Tuesday, October 12, 2004
U.S. News Tax Rankings for Sale on eBay?
I just received the "Annual Peer Assessment" survey from U.S. News & World Report asking me to help "identify the law schools having the top programs in tax law":
Identify up to fifteen (15) schools that have the highest-quality tax law courses or programs. In making your choices consider all elements that contribute to a program's academic excellence, for example, the depth and breadth of the program, faculty research and publication record, etc.(For the 2004 U.S. News ranking of the top Top 25 tax programs, see here; for the U.S. News ranking of the Top 10 graduate tax programs, see here; for TaxProf Blog's description of the major moves (both upward and downward) in the 2004 U.S. News tax rankings compared to the 2002 rankings, see here.)
Given the increasing emphasis schools are putting on these rankings, it got me to wondering why no one has auctioned off their 15 votes on eBay:
Starting bid: US $1.00As readers who have been with TaxProf Blog since our April 15, 2004 launch know, I have a particular interest in the subject of law school rankings (see here). I recently published (with my fellow blogger and colleague Rafael Gely) What Law Schools Can Learn from Billy Beane and the Oakland Athletics, 82 Texas L. Rev. 1483 (2004), which argues that law schools should heed the lessons from Michael Lewis's best-selling book Moneyball and embrace rankings rather than hide from them. Here is the concluding paragraph:
Time left: 10 days
Ends Oct-20-04 12:00:00 PDT
Start time: Oct-10-04 12:00:00 PDT
Quantity: 15 available
Item location: Cincinnati, Ohio
You are bidding on 1 of 15 selections in a U.S. News & World Report annual peer assessment of tax law programs in American law schools. Each of the 15 winning bidders will be able to designate one of the votes on this official U.S. News ballot. This is your chance to help your favorite law school's tax program get the recognition it so richly deserves.
Like Michael Lewis, we have told a story about a profession and people we love. We are proud of the work law schools and law professors do in teaching future lawyers and producing legal scholarship to the betterment of American law and society. As institutions and as individuals, we have nothing to fear from the accountability and transparency spotlight. Indeed, we do our best work in the light. We should welcome the opportunity to tell the world what we do and help them measure our performance as teachers and scholars. If we do not, the story will be told by others and it will no longer be our own.The article has attracted a lot of attention (over 1100 downloads on SSRN) and spawned a symposium on The Next Generation of Law School Rankings to be held on April 15, 2005 (the date is purely a coincidence!) at Indiana-Bloomington, with the papers and commentary to be published in the Indiana Law Journal. Over a dozen leading law profs (including Brian Leiter (Texas), Hon. Richard Posner (Chicago, 7th Circuit), and Cass Sunstein (Chicago)) will weigh in on three general areas:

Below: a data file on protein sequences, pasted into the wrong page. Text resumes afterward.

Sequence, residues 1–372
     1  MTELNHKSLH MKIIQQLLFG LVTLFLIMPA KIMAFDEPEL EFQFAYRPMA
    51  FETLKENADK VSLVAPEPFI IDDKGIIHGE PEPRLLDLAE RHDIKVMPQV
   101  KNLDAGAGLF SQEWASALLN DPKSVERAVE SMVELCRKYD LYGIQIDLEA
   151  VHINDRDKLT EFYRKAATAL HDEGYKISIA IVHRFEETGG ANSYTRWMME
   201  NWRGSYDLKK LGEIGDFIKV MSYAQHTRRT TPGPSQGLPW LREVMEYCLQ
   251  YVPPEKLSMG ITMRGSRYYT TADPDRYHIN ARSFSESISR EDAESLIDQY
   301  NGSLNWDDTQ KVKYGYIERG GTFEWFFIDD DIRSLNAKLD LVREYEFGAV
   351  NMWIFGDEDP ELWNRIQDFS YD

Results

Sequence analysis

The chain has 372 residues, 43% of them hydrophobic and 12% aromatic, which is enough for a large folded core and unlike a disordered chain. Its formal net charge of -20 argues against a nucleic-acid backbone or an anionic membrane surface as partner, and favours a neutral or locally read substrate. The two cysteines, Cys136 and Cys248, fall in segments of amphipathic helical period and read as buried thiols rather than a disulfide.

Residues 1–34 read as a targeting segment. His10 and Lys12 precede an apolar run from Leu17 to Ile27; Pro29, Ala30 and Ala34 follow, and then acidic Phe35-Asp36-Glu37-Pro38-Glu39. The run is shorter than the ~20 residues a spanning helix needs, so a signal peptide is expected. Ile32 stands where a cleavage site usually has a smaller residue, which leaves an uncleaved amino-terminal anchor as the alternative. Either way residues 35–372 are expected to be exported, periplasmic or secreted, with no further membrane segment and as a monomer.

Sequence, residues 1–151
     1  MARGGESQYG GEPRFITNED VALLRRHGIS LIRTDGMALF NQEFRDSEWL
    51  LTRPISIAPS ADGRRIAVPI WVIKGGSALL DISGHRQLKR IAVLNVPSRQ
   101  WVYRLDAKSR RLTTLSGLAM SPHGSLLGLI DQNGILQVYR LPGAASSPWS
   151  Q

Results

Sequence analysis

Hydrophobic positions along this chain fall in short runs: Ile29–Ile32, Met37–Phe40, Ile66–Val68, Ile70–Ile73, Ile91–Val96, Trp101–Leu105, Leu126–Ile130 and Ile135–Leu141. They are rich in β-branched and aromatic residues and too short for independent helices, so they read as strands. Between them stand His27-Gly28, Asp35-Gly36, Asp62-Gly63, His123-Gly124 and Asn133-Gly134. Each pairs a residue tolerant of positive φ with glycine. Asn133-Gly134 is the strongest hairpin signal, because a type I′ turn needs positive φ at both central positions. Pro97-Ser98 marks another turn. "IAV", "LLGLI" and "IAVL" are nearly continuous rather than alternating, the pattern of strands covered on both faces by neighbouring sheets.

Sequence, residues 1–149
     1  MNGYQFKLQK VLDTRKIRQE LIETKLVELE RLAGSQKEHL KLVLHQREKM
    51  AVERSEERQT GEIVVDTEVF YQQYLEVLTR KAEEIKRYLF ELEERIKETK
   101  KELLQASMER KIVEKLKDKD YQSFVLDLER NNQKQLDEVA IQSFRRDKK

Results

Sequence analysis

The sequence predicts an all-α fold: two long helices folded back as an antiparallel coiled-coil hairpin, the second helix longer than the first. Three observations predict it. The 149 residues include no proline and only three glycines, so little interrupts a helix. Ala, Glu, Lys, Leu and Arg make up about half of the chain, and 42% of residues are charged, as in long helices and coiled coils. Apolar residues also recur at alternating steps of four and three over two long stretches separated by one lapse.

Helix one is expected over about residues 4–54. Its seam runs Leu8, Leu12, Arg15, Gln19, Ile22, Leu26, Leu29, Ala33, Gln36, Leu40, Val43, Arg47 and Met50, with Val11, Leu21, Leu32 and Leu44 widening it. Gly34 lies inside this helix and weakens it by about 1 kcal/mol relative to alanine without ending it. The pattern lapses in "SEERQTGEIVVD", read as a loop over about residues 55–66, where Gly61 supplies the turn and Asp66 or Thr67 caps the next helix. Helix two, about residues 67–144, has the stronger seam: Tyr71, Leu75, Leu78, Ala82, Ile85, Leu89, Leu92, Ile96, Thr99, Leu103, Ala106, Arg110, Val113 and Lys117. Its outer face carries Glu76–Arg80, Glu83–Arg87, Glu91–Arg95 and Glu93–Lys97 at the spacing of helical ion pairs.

• Framing the Rankings DebateI will be sharing news about the symposium on TaxProg Blog over the coming months. In the meantime, don't forget the University of Cincinnati College of Law (the first law school on the top of page 4) as you fill out your U.S. News survey of the leading law school tax programs!
• Rankings Methodologies
• Other Voices in the Rankings Debate
I graduated from a tier 4 law school, and what I've learned is that the real world place a lot of emphasis on rankings. It should not be that way because the school you attend does not determine how smart you are or how well you would perform in your job. I've been in a room with top tier school students who were clueless on a certain law topic (secured transactions), whereas I with my tier 4 law school education understood what was going on. My point is that if you were fortunate enough to attend a top tier school, great for you, but don't look down on others or be a snob. Many of the students in bottom tier law schools are as smart as anyone else or smarter, but for one reason or another could not attend the school of their choice. I for one was accepted in a top tier school for an LLM in tax but may not attend because of financial reasons.